Regular voluntary exercise was defined as having the following three criteria: (1) frequency of exercise of ≥2 times/week, (2) duration of ≥30 min per session, and (3) overall duration of ≥1 year [18]. Participants were asked to answer “yes” or “no” to the following question to identify regularly exercise habits: “Do you engage in moderate-intensity exercise (e.g., sweat lightly) at least twice a week for 30 min over a period of 1year?” Participants who answered “yes” to this question were classified as having regular exercise habits.

2.3. Self-Rated Health (SRH)

SRH was assessed based on the question: “How would you rate your general health status?” [19]. The responses were rated on a five-point Likert scale (“good,” “fairly good,” “Neither good nor poor,” “fairly poor,” and “poor”). Participants who answered “fairly poor” or “poor” were considered to have poor SRH.

2.4. Sleep Duration and Quality

Sleep duration (min/day) and quality were assessed using simple questions. To assess sleep duration, the participants were asked, “How long do you usually sleep?” [20]. Participants answered their usual sleep duration in ten-minute intervals. To assess sleep quality, the participants were asked: “How well do you sleep?” [21]. Sleep quality was assessed on a four-point Likert scale (“very well,” “fairly well,” “fairly poorly,” and “very poorly”), where “fairly poorly” or “very poorly” were considered to indicate poor sleep quality.

2.5. Demographic Variables

Age, gender, education, height, weight, living alone, living area (prefectures), and prescribed medication were recorded as demographic variables. Body mass index (BMI; kg/m2) was calculated based on height and weight. Ten prefectures in Japan, Tokyo, Kanagawa, Saitama, Chiba, Osaka, Hyogo, Kyoto, Aichi, Gifu, and Fukuoka, were identified as areas of special precautions based on the situation at the time of the survey (26 to 27 February 2021).

2.6. Statistical Analysis

Participant characteristics were expressed as means for continuous variables and population (%) for categorical variables. IBM SPSS version 25 (IBM Corp., Chicago, IL, USA) was used to perform all statistical analyses. The level of significance was set at p < 0.05. The difference in sample characteristics based on regular exercise habits was tested using Chi-squared tests for categorical variables and Student’s t-tests for continuous variables. A logistic regression model was used to examine associations between regular exercise and SRH and sleep quality. Adjusted models were used to examine correlations, including age, gender, education, BMI, living alone, living area, and medication (≥3 n/day) as covariates. Analyses were performed for the overall sample and for age categories, such as 20–39 years, 40–64 years, and 65 years and older.

3. Results

Data from 1410 adults (42.6% women) in Japan included in the final analyses are summarized in Table 1. The mean age of the participants was 44.6 ± 13.7 years. The 20–39 years, 40–64 years, and 65 years and older age groups contained 43.3% (n = 611), 44.0% (n = 621), and 12.6% (n = 178) of participants, respectively. Of the 1410 participants, 184 (13.0%) had poor SRH and 258 (18.3%) had poor sleep quality.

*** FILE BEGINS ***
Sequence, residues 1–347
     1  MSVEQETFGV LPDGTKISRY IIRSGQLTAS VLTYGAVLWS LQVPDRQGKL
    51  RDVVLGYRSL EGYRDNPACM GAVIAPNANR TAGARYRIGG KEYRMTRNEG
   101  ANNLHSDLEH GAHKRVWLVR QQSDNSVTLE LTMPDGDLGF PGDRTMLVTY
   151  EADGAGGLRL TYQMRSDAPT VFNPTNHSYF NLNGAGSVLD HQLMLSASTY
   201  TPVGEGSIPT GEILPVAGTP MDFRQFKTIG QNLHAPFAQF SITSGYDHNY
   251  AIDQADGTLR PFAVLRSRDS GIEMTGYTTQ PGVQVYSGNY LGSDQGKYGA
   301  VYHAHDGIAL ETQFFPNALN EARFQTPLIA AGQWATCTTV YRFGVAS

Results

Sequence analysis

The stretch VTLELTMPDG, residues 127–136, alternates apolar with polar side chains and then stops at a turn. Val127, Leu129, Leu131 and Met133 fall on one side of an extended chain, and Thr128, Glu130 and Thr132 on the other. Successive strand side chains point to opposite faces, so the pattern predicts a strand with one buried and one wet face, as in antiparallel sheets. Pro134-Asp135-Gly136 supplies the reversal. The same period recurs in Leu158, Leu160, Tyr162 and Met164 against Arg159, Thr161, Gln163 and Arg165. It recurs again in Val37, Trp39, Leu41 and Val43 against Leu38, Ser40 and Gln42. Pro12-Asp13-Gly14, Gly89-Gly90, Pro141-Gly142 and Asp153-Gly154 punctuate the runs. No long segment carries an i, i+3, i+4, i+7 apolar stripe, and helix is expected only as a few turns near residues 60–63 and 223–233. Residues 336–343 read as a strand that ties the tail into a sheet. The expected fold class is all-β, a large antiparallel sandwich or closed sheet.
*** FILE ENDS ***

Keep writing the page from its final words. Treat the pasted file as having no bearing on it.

Overall, 391 patients (27.7%) had regular exercise habits during the COVID-19 pandemic. Comparisons of characteristics between participants with and without regular exercise habits are presented in Table 2. Participants with regular exercise habits were significantly older (p < 0.01), with a higher proportion of men (p < 0.01), and higher education levels (p = 0.04) than those without. There were significant differences in poor SRH between participants with regular exercise habits (8.2%) and those without (14.9%, p < 0.01). Although participants with regular exercise habits tended to have good sleep quality (p = 0.05), this difference was not significant. There was no significant difference in sleep duration between participants with regular exercise habits and those without.
Odds ratios (ORs) indicating associations between regular exercise habits and SRH and sleep quality are shown in Table 3 and Table 4, respectively. In logistic analyses using overall data, regular exercise was significantly correlated with lower rates of poor SRH (OR = 0.51, 95% confidence interval [CI] 0.34–0.77) after controlling for age, gender, education, BMI, living alone, living area, and medication (≥3 n/day). On the other hand, regular exercise was not significantly correlated with lower rates of poor sleep quality after adjusting for covariates (OR = 0.75, 95% CI 0.55–1.04).
In stratified analyses for age groups, after adjusting for age, gender, education, BMI, living alone, living area, and medication (≥3 n/day), a significant OR of regular exercise for poor SRH was observed among the middle-aged group, including adults of 40–64 years (OR = 0.41, 95%CI 0.21–0.79). There were no significant ORs among the young aged group, including adults of 20–39 years (OR = 0.67, 95%CI 0.35–1.30) and the old-aged group of 65 years and older (OR = 0.38, 95%CI 0.13–1.07). In addition, a significant OR of regular exercise (OR = 0.59, 95%CI 0.36–0.99) for poor sleep quality was observed after adjusting for covariates among the middle-aged group, while there were no significant OR of regular exercise among the young aged group, including adults of 20–39 years (OR = 0.84, 95%CI 0.51–1.37), and the old aged group (OR = 0.92, 95%CI 0.37–2.32).

4. Discussion

This study used online survey data of adults in Japan and indicated that regular exercise during the COVID-19 pandemic was associated with better SRH and sleep quality status. In particular, regular exercise was linked with lower rates of poor SRH and poor sleep quality in middle-aged adults. These results suggest that promotion of regular exercise among middle-aged people during the COVID-19 pandemic may contribute to better SRH and sleep quality.